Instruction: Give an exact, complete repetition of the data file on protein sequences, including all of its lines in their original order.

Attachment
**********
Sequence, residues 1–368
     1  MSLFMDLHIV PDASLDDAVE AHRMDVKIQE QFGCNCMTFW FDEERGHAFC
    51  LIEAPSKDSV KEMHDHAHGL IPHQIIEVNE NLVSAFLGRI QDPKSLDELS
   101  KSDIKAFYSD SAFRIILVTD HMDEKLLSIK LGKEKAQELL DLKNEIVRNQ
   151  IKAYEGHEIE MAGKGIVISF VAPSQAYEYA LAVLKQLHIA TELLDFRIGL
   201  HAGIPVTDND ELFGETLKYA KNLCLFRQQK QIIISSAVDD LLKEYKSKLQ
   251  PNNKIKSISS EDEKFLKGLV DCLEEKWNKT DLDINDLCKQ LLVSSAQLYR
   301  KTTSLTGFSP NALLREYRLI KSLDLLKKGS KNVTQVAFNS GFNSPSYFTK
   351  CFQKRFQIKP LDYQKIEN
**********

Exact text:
Sequence, residues 1–368
     1  MSLFMDLHIV PDASLDDAVE AHRMDVKIQE QFGCNCMTFW FDEERGHAFC
    51  LIEAPSKDSV KEMHDHAHGL IPHQIIEVNE NLVSAFLGRI QDPKSLDELS
   101  KSDIKAFYSD SAFRIILVTD HMDEKLLSIK LGKEKAQELL DLKNEIVRNQ
   151  IKAYEGHEIE MAGKGIVISF VAPSQAYEYA LAVLKQLHIA TELLDFRIGL
   201  HAGIPVTDND ELFGETLKYA KNLCLFRQQK QIIISSAVDD LLKEYKSKLQ
   251  PNNKIKSISS EDEKFLKGLV DCLEEKWNKT DLDINDLCKQ LLVSSAQLYR
   301  KTTSLTGFSP NALLREYRLI KSLDLLKKGS KNVTQVAFNS GFNSPSYFTK
   351  CFQKRFQIKP LDYQKIEN